Chapter 3: State Sponsors of Terrorism Overview
To designate a country as a State Sponsor of Terrorism, the Secretary of State must determine that the government of such country has repeatedly provided support for acts of international terrorism. Once a country is designated, it remains a State Sponsor of Terrorism until the designation is rescinded in accordance with statutory criteria. A wide range of sanctions are imposed as a result of a State Sponsor of Terrorism designation, including:
• A ban on arms-related exports and sales;
• Controls over exports of dual-use items, requiring 30-day Congressional notification for goods or services that could significantly enhance the designated country’s military capability or ability to support terrorism;
• Prohibitions on economic assistance; and
• Imposition of miscellaneous financial and other restrictions.
More information on State Sponsor of Terrorism designations may be found online at //2009-2017.state.gov/j/ct/list/c14151.htm.
Cuba was designated as a State Sponsor of Terrorism in 1982. Reports in 2012 suggested that the Cuban government was trying to distance itself from Basque Fatherland and Liberty (ETA) members living on the island by employing tactics such as not providing services including travel documents to some of them. The Government of Cuba continued to provide safe haven to approximately two dozen ETA members.
In past years, some members of the Revolutionary Armed Forces of Colombia (FARC) were allowed safe haven in Cuba and safe passage through Cuba. In November, the Government of Cuba began hosting peace talks between the FARC and Government of Colombia.
There was no indication that the Cuban government provided weapons or paramilitary training to terrorist groups.
The Cuban government continued to harbor fugitives wanted in the United States. The Cuban government also provided support such as housing, food ration books, and medical care for these individuals.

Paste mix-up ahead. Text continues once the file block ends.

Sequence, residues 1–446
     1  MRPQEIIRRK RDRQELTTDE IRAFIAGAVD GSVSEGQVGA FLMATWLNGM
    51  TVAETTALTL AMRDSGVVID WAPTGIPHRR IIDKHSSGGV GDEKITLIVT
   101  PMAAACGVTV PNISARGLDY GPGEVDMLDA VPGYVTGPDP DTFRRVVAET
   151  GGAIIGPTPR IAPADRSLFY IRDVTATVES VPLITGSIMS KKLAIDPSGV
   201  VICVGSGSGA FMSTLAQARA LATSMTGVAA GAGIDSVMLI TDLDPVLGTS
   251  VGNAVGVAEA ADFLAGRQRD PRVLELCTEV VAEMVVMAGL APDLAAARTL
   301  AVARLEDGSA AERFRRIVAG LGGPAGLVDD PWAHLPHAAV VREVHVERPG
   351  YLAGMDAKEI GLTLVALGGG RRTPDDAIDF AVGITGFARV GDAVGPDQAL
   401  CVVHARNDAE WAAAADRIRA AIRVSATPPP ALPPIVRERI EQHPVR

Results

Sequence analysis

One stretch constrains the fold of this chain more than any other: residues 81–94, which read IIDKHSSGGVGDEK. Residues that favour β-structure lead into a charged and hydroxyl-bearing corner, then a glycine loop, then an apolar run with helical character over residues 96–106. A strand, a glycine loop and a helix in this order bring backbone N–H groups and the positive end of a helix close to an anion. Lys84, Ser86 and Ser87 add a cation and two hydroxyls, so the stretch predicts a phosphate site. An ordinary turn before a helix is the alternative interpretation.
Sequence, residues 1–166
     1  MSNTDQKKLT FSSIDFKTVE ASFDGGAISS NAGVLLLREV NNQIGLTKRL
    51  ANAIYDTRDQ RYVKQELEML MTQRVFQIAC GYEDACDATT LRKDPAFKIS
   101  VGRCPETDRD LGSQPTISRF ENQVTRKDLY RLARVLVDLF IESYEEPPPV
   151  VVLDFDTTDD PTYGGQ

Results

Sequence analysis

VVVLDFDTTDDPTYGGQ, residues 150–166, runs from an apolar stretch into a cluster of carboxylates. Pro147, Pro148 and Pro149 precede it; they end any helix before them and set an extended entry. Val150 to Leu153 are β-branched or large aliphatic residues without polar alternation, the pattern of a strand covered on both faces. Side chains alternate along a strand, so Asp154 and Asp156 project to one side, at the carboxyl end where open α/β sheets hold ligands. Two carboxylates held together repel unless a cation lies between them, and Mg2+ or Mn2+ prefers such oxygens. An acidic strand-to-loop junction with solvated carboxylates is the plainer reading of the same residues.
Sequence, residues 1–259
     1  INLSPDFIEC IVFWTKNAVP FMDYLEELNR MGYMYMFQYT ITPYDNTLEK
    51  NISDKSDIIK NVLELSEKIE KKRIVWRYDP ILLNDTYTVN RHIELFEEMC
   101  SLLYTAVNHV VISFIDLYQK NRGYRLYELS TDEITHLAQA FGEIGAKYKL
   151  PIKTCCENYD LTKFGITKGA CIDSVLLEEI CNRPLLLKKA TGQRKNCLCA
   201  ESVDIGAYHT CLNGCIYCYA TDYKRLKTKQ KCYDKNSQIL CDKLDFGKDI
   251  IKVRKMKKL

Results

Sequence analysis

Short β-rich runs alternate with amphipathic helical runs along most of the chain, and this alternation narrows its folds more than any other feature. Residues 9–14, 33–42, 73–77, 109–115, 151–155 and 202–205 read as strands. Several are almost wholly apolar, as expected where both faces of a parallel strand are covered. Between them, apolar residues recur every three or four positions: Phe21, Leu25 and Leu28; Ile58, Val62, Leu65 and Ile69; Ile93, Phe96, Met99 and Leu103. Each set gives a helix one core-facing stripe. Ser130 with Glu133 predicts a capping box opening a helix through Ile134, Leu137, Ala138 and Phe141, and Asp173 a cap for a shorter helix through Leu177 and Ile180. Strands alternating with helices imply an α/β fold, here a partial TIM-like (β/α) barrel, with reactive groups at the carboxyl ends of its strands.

The Financial Action Task Force (FATF) has identified Cuba as having strategic anti-money laundering/combating the financing of terrorism deficiencies. In 2012, Cuba became a member of the Financial Action Task Force of South America against Money Laundering, a FATF-style regional body. With this action, Cuba has committed to adopting and implementing the FATF Recommendations.
Designated as a State Sponsor of Terrorism in 1984, Iran increased its terrorist-related activity, including attacks or attempted attacks in India, Thailand, Georgia, and Kenya. Iran provided financial, material, and logistical support for terrorist and militant groups in the Middle East and Central Asia. Iran used the Islamic Revolutionary Guard Corps-Qods Force (IRGC-QF) and militant groups to implement foreign policy goals, provide cover for intelligence operations, and stir up instability in the Middle East. The IRGC-QF is the regime’s primary mechanism for cultivating and supporting terrorists abroad.
In 2012, Iran was implicated in planned attacks in India, Thailand, Georgia, and Kenya. On February 13, in New Delhi, India, a magnetic bomb placed under the vehicle of an Israeli diplomat’s wife exploded, seriously injuring her and three Indian nationals. On February 14, a similar device was discovered under a vehicle belonging to the Israeli embassy in Tbilisi, Georgia, and safely defused. Also on February 14, Thai police arrested three Iranian nationals in connection with explosions in a Bangkok private residence that revealed bomb-making materials and makeshift grenades intended for use in attacks against Israeli targets. On June 19, Kenyan authorities arrested two Iranian nationals in connection with explosives stockpiled for a suspected terrorist attack. According to press reports, the individuals were members of the IRGC-QF.
On October 17, Iranian-born U.S. dual-national Mansour Arbabsiar was arrested by U.S. authorities and pled guilty in a New York court to participating in a 2011 plot to murder the Saudi ambassador to the United States. Arbabsiar held several meetings with an associate whom Iranian officials believed was a narcotics cartel member. This associate, in fact, was a confidential source for U.S. law enforcement. Arbabsiar admitted to working on behalf of the IRGC-QF to carry out the plot. An IRGC-QF officer who remains at large was also indicted. The thwarted plot demonstrated Iran’s interest in using international terrorism – including in the United States – to further its foreign policy goals.
In 2012, the IRGC-QF trained Taliban elements on small unit tactics, small arms, explosives, and indirect fire weapons, such as mortars, artillery, and rockets. Since 2006, Iran has arranged arms shipments to select Taliban members, including small arms and associated ammunition, rocket propelled grenades, mortar rounds, 107mm rockets, and plastic explosives. Iran has shipped a large number of weapons to Kandahar, Afghanistan, aiming to increase its influence in this key province.